Higher interest rates are coming. You don’t even need to hear government spokespeople or bank economists say that to know it’s true. With mortgage rates at record lows there’s really only one direction for them to go. The question is how much longer they can be held down, and how quickly they will rise.
The C.D. Howe institute is the latest to raise alarms about the housing bubble risk created by record low interest rates:
The Ottawa-based public policy think-tank says many economists, including its own, are predicting rate hikes as much as a full percentage point or more later next year.
“Does the simple experience of short-term interest rates being so low, for so long, encourage people … to mortgage themselves more than they otherwise would, and buy a bigger house than they otherwise would … and get themselves into trouble longer term?” said C.D. Howe president and CEO William Robson.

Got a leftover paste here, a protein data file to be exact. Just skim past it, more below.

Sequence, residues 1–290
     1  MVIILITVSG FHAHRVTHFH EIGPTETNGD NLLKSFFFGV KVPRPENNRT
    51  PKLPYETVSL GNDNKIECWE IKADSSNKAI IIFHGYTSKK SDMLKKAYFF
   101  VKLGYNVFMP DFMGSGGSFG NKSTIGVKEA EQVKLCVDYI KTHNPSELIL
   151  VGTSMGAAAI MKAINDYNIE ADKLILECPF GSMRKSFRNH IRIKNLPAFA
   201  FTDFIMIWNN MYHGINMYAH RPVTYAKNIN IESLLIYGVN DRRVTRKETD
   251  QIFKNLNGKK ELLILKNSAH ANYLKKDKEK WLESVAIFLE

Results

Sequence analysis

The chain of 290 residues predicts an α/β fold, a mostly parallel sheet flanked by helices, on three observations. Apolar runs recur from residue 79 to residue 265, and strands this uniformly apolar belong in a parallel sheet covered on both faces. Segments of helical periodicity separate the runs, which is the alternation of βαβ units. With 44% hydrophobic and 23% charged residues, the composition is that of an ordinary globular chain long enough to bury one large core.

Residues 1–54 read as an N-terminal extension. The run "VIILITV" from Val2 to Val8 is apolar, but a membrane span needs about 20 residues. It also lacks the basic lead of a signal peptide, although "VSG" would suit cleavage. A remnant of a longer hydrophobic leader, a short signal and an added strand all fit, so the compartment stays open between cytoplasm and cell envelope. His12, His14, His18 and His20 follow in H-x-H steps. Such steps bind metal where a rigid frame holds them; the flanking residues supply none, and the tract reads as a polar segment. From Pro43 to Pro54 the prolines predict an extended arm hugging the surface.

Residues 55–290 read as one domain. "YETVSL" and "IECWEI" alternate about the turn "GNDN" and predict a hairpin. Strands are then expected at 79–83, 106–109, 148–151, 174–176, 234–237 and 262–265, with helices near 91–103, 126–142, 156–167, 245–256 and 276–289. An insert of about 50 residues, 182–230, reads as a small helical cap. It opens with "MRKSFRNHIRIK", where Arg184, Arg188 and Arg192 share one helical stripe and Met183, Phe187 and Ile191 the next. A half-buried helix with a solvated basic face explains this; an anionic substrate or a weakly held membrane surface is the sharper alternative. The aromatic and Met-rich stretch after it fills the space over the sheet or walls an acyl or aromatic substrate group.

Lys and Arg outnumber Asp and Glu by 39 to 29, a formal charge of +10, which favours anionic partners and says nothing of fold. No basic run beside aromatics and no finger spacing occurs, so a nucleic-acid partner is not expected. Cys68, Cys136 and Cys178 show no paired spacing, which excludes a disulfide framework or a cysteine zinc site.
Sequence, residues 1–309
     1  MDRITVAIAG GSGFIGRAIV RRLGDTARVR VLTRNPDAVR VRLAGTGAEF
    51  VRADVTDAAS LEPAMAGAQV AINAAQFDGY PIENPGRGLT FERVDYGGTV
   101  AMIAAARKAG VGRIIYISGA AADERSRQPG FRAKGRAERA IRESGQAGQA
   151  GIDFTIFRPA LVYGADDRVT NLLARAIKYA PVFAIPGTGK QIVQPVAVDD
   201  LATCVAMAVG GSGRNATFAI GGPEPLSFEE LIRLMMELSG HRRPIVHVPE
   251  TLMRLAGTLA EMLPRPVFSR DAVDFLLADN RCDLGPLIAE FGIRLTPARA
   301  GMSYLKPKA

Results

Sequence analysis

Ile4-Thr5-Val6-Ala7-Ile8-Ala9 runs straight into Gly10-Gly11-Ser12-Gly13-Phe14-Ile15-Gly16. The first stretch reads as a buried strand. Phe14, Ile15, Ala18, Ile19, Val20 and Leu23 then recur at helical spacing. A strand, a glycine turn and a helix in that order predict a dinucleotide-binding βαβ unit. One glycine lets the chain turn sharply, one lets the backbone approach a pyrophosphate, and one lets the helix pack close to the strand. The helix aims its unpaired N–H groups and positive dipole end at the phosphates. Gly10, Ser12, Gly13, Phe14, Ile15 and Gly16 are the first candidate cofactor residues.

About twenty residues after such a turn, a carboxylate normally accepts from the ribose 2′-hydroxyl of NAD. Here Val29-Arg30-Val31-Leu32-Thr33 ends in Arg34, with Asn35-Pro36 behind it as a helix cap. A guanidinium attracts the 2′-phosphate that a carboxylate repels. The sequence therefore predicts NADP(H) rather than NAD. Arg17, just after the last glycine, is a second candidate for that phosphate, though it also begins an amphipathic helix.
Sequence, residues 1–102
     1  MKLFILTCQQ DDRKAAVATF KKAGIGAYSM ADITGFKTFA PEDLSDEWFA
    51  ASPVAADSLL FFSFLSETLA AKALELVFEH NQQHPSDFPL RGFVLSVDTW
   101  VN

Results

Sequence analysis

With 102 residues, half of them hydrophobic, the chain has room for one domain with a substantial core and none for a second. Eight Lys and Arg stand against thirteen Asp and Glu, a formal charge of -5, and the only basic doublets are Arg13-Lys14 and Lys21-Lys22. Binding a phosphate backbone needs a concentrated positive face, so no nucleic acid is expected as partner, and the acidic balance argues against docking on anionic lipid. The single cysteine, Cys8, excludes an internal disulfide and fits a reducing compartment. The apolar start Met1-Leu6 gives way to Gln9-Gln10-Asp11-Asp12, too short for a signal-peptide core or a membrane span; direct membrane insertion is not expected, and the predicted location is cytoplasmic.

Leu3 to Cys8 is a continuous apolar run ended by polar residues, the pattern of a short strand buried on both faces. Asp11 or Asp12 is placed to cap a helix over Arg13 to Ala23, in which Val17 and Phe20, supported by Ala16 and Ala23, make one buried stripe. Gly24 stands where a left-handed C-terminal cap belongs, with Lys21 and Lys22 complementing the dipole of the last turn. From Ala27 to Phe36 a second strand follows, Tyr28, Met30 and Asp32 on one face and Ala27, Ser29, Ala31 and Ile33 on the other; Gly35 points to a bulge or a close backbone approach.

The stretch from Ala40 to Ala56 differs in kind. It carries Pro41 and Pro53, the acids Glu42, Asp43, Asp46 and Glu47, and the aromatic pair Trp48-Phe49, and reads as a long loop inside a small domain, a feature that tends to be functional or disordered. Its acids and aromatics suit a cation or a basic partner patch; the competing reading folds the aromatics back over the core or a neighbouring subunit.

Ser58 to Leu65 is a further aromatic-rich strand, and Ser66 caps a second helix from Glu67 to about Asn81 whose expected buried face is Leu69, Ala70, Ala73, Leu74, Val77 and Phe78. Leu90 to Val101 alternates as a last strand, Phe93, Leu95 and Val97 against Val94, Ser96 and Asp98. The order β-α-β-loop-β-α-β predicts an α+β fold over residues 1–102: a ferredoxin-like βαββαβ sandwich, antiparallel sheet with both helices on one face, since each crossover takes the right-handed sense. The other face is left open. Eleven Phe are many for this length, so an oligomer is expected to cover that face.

On Tuesday, the Bank of Canada announced it would keep its key overnight rate at the historic low of 0.25 per cent. The C.D. Howe Institute says that is helping to create a false sense of security among borrowers who have taken on debts larger than they could normally afford.
Robson said a rapid rise in interest rates could prove devastating for homeowners who have not evaluated their ability to carry their mortgages at a higher interest rate.
Information on how many recent buyers could handle higher rates has been hard to come by, but when rates start to rise from their current record lows it will quickly become apparent if the recent mini-boom was driven by cheap credit. Rising mortgage rates squeeze both ends: supply and demand. Those that haven’t planned on payments at normal rates may find they need to sell just when there are fewer buyers due to increased carrying costs.